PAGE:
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opus

[oh-puh s] /ˈoʊ pəs/
noun, plural opuses or especially for 1, 2, opera
[oh-per-uh, op-er-uh] /ˈoʊ pər ə, ˈɒp ər ə/ (Show IPA)
1.
a musical composition.
2.
one of the compositions of a composer, usually numbered according to the order of publication.
3.
a literary work or composition, as a book:
Have you read her latest opus?
Abbreviation: op.
Origin of opus
1695-1705
1695-1705; < Latin: work, labor, a work

finis coronat opus

[fee-nis-koh-roh-naht-oh-poo s; English fin-is kaw-roh-nat oh-puh s, koh-] /ˈfi nɪs koʊˈroʊ nɑtˈoʊ pʊs; English ˈfɪn ɪs kɔˈroʊ næt ˈoʊ pəs, koʊ-/
Latin.
1.
the end crowns the work.
Dictionary.com Unabridged
Based on the Random House Dictionary, © Random House, Inc. 2015.
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British Dictionary definitions for opus

opus

/ˈəʊpəs; ˈɔp-/
noun (pl) opuses, opera (ˈɒpərə)
1.
an artistic composition, esp a musical work
2.
(often capital) (usually followed by a number) a musical composition by a particular composer, generally catalogued in order of publication: Beethoven's opus 61 is his violin concerto
op.
Word Origin
C18: from Latin: a work; compare Sanskrit apas work
Collins English Dictionary - Complete & Unabridged 2012 Digital Edition
© William Collins Sons & Co. Ltd. 1979, 1986 © HarperCollins
Publishers 1998, 2000, 2003, 2005, 2006, 2007, 2009, 2012
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Word Origin and History for opus
n.

"a work, composition," especially a musical one, 1809, from Latin opus "a work, labor, exertion" (source of Italian opera, French oeuvre, Spanish obra), from PIE root *op- (Germanic *ob-) "to work, produce in abundance," originally of agriculture later extended to religious acts (cf. Sanskrit apas- "work, religious act;" Avestan hvapah- "good deed;" Old High German uoben "to start work, to practice, to honor;" German üben "to exercise, practice;" Dutch oefenen, Old Norse æfa, Danish øve "to exercise, practice;" Old English æfnan "to perform, work, do," afol "power"). The plural, seldom used as such, is opera.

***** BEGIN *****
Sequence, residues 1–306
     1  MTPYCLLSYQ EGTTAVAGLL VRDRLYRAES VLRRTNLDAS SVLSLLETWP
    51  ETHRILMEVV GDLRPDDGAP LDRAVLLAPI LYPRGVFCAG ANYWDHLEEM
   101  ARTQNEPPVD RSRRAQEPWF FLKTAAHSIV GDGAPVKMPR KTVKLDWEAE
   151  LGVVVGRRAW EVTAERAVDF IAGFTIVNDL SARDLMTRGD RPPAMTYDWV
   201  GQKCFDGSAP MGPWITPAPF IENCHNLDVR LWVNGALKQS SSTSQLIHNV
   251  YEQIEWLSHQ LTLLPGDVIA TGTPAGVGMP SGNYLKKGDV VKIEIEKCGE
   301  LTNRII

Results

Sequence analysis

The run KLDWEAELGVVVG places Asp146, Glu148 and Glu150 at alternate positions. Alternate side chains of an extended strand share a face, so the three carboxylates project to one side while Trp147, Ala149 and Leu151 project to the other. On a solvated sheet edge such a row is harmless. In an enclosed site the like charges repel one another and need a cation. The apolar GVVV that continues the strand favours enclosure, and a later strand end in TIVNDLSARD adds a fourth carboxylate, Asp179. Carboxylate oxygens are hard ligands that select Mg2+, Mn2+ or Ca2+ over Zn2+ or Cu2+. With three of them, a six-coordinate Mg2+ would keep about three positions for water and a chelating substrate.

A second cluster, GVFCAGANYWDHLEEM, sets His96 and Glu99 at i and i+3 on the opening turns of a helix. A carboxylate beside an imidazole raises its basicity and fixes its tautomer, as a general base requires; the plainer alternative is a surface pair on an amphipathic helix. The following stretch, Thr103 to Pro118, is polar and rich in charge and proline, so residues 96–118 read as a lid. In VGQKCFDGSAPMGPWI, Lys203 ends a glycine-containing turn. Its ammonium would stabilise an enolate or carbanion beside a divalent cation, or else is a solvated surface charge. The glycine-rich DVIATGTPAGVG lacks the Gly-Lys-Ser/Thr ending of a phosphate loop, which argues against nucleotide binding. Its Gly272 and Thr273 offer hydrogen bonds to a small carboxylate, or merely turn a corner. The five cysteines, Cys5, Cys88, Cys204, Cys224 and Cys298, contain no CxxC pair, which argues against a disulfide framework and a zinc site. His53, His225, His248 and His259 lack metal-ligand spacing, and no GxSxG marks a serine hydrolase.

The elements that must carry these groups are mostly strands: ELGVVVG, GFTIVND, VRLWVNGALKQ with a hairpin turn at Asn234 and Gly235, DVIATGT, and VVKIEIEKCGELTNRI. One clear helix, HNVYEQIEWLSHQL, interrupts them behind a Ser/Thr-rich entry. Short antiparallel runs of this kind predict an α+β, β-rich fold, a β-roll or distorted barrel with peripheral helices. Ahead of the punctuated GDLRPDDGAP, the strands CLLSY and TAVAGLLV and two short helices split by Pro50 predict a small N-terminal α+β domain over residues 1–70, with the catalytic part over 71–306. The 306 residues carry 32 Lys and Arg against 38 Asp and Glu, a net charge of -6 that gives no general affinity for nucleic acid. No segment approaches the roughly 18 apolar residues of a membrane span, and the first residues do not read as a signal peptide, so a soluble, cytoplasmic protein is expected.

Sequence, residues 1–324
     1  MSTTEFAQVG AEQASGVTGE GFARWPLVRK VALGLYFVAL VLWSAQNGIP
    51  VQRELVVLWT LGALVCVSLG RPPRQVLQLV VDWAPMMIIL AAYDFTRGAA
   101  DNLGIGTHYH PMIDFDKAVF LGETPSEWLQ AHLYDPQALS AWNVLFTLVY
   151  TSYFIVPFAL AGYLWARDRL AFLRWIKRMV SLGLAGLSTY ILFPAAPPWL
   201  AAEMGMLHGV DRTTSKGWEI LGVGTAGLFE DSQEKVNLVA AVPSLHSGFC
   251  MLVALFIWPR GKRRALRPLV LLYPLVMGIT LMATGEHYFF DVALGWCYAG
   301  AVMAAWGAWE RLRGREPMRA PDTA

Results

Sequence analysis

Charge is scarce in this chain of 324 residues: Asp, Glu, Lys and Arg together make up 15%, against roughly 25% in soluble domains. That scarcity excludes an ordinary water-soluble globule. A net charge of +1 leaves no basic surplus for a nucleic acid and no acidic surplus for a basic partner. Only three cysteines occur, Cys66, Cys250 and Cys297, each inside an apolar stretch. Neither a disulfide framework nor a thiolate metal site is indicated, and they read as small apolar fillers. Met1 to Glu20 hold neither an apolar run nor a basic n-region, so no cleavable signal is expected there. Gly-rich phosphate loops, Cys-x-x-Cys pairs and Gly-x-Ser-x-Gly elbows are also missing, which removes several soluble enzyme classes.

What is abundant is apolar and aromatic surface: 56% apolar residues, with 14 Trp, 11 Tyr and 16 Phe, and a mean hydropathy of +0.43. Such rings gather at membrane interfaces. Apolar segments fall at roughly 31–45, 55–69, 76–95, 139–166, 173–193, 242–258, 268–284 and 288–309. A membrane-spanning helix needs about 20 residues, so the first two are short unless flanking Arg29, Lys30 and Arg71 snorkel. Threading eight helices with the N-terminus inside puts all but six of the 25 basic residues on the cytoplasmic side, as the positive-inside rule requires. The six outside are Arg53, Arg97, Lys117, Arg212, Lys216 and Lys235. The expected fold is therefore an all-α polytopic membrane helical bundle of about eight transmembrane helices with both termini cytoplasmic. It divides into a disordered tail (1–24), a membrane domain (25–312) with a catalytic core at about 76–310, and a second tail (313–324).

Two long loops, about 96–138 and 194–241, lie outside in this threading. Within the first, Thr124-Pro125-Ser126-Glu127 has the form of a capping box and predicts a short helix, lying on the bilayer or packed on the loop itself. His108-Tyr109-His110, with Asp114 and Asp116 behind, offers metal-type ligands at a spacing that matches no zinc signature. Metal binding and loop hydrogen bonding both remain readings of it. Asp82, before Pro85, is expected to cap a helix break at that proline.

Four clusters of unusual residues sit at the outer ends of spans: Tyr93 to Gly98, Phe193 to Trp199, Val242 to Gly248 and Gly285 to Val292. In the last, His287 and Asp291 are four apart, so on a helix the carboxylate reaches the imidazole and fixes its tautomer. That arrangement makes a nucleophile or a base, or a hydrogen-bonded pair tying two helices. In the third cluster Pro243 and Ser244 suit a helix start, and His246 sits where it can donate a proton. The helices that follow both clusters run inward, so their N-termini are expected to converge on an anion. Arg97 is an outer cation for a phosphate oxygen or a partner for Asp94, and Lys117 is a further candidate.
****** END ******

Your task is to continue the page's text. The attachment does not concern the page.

Online Etymology Dictionary, © 2010 Douglas Harper
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opus in Technology
project, product
A Honeywell operating system promised as a sop to customers after canning Multics in 1985. Opus was to provide everything Multics had and more, plus total compatibility with the Level 6/DPS6 operating system.
"Opus" was a code name, the system was officially named VS3 (short for HVS R3 or Honeywell Virtual System Release Three). It was to run on the DPS6-plus hardware known internally as the MRX and HRX, and be all things to all people.
The hardware was a dud (though it did run the native DPS6 software just fine), and the goal was, shall we say, ambitious. The effort was cancelled by Bull in 1987, in favor of another project going on in France.
The Free On-line Dictionary of Computing, © Denis Howe 2010 http://foldoc.org
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